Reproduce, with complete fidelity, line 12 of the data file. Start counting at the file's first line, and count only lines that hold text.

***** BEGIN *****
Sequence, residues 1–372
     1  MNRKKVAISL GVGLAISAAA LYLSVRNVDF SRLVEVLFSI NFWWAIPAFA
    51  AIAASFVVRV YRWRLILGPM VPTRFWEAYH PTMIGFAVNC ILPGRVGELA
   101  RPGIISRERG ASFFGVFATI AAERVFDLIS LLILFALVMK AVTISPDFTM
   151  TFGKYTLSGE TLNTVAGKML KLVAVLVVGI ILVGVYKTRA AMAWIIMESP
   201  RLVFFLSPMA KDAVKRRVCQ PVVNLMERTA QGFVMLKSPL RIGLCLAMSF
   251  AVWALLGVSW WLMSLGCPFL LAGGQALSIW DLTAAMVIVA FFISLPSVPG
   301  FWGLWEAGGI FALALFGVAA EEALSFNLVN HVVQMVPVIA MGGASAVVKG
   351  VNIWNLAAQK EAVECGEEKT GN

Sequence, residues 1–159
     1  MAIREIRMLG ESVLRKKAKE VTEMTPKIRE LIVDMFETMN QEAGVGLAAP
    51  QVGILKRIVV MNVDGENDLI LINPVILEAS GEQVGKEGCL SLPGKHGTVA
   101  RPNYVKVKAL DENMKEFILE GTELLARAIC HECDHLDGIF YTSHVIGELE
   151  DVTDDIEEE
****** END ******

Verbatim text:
    51  QVGILKRIVV MNVDGENDLI LINPVILEAS GEQVGKEGCL SLPGKHGTVA